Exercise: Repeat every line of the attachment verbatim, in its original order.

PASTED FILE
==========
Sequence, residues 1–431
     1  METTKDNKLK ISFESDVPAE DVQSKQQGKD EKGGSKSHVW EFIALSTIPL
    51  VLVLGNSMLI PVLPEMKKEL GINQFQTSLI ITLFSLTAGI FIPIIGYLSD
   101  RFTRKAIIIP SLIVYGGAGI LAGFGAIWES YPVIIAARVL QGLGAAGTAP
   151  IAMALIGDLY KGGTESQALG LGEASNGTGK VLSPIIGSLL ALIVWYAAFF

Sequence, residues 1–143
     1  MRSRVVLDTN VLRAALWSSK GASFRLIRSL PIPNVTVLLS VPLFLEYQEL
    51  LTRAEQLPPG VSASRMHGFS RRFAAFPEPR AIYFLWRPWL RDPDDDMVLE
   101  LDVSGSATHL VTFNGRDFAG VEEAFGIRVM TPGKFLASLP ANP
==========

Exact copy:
Sequence, residues 1–431
     1  METTKDNKLK ISFESDVPAE DVQSKQQGKD EKGGSKSHVW EFIALSTIPL
    51  VLVLGNSMLI PVLPEMKKEL GINQFQTSLI ITLFSLTAGI FIPIIGYLSD
   101  RFTRKAIIIP SLIVYGGAGI LAGFGAIWES YPVIIAARVL QGLGAAGTAP
   151  IAMALIGDLY KGGTESQALG LGEASNGTGK VLSPIIGSLL ALIVWYAAFF

Sequence, residues 1–143
     1  MRSRVVLDTN VLRAALWSSK GASFRLIRSL PIPNVTVLLS VPLFLEYQEL
    51  LTRAEQLPPG VSASRMHGFS RRFAAFPEPR AIYFLWRPWL RDPDDDMVLE
   101  LDVSGSATHL VTFNGRDFAG VEEAFGIRVM TPGKFLASLP ANP